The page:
Fears over the global economic climate troubled traders today as European markets fell further into the red.
The FTSE 100 Index in London was more than 2% or 112.3 points lower at 5219.5, while the CAC-40 in France fell more than 2% and Germany’s Dax dropped 3%.
The latest slump was sparked by fears that China’s central bank is set to raise interest rates – a move that would hit demand in the world’s second largest economy.
But recent economic developments in Europe, such as weak GDP data in France and Germany, and in the US, following disappointing growth figures and a shock credit rating downgrade, continued to hit sentiment.
The heavily-weighted mining sector was hit worst by fears over China’s waning demand, with Anglo-Swiss miner Xstrata topping the fallers’ board, down 59.5p at 1022.5p. Elsewhere, copper miner Antofagasta dropped 53p at 1209p and Kazakhmys fell 44p to 1000p.
Global slowdown fears hit oil prices with Brent crude in London sliding nearly 1% to 109.61 US dollars a barrel.
Oil giant BP fell more than 2% or 9.2p to 403.8p, Royal Dutch Shell fell 22.5p to 1969.5p and Tullow Oil dropped more than 3% or 35p to 1035p.
A bleak sales outlook from computer maker Dell on Wall Street yesterday and a greater-than-expected slowdown in UK retail sales volumes hit the retail sector.
High street bellwether Marks & Spencer lost more than 1% or 5.2p at 334.5p, clothing giant Next fell 37p at 2205p and PC World owner Dixons Retail plunged nearly 5% to 12.4p.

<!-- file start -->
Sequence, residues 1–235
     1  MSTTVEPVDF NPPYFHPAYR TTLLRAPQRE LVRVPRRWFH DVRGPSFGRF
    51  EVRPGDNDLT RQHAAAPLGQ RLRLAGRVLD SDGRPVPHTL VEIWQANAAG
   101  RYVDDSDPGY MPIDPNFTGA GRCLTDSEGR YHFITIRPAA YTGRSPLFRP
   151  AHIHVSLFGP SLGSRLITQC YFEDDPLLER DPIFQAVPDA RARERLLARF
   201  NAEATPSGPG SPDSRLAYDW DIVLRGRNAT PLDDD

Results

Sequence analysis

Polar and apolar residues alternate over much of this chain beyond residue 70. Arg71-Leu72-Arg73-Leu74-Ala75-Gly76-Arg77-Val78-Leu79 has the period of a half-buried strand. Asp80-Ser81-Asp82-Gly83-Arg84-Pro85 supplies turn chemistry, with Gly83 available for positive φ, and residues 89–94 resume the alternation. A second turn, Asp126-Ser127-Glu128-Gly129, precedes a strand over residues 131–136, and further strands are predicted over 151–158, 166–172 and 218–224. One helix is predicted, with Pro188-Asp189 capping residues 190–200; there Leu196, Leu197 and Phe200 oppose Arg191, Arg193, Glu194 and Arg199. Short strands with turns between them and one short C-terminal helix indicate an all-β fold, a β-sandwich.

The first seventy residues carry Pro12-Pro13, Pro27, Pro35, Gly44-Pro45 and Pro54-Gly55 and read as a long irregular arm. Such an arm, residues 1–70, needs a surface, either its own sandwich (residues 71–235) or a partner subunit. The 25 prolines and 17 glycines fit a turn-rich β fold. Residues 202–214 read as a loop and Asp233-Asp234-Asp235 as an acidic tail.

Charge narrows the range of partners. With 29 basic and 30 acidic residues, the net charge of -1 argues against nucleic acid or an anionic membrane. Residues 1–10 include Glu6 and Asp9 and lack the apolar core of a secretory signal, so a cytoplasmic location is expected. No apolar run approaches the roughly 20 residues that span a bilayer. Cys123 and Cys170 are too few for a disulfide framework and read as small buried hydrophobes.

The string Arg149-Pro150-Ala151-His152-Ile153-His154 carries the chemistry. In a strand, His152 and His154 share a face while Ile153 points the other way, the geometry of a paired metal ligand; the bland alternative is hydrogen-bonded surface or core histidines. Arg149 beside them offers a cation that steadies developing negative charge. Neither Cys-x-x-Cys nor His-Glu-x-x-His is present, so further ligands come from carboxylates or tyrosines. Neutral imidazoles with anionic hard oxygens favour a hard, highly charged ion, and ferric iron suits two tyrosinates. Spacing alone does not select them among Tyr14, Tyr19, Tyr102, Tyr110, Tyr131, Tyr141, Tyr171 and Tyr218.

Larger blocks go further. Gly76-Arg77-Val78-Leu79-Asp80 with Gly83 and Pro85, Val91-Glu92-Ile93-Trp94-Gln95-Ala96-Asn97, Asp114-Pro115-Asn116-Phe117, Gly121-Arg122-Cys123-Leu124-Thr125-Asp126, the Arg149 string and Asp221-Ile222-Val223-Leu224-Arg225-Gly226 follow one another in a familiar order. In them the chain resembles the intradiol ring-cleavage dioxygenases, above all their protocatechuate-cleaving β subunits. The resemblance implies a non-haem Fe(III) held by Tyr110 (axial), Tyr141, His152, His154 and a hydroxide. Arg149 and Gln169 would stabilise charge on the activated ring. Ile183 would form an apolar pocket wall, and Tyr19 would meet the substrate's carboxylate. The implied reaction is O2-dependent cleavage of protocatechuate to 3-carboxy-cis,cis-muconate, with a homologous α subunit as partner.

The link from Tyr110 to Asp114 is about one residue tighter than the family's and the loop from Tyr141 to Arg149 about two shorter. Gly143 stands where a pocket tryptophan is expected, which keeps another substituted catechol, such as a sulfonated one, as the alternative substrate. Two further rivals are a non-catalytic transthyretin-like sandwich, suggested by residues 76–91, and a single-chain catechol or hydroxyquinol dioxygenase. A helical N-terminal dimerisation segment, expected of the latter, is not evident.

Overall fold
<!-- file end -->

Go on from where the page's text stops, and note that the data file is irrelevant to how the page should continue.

The flight from risk saw traders plough into the safe haven investments of gold, which was up at 1,805 US dollars an ounce, and the US dollar itself, which was up against the pound and euro.
Elsewhere, shares in Argos and Homebase owner Home Retail Group were suffering after a downgrade to sell from broker Seymour Pierce.
Seymour analysts noted the gloomy retail outlook and said there were few self-help levers available to the company in order to reverse its fortunes. Shares were 5.1p lower at 128.1p, a drop of nearly 4%.
Online grocer Ocado declined another 5.8p to 118p amid ongoing fears about trading conditions and speculation that it will tap shareholders for cash to support its expansion.
In corporate news, shares in cinema operator Cineworld were 1% or 1.45p higher at 186.45p after it reported a drop in half-year profits but said it expected an improvement in trading over the rest of this year. Chief executive Stephen Wiener underlined his confidence with a 5.9% increase in the half-year dividend.